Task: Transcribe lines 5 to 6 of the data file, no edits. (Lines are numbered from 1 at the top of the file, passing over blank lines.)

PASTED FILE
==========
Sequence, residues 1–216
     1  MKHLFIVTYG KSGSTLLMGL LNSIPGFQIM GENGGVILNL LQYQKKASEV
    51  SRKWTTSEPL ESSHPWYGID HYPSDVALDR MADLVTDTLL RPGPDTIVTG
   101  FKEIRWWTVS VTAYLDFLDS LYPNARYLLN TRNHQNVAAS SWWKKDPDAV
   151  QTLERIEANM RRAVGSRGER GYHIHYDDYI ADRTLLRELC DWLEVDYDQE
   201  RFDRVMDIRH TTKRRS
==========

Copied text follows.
   151  QTLERIEANM RRAVGSRGER GYHIHYDDYI ADRTLLRELC DWLEVDYDQE
   201  RFDRVMDIRH TTKRRS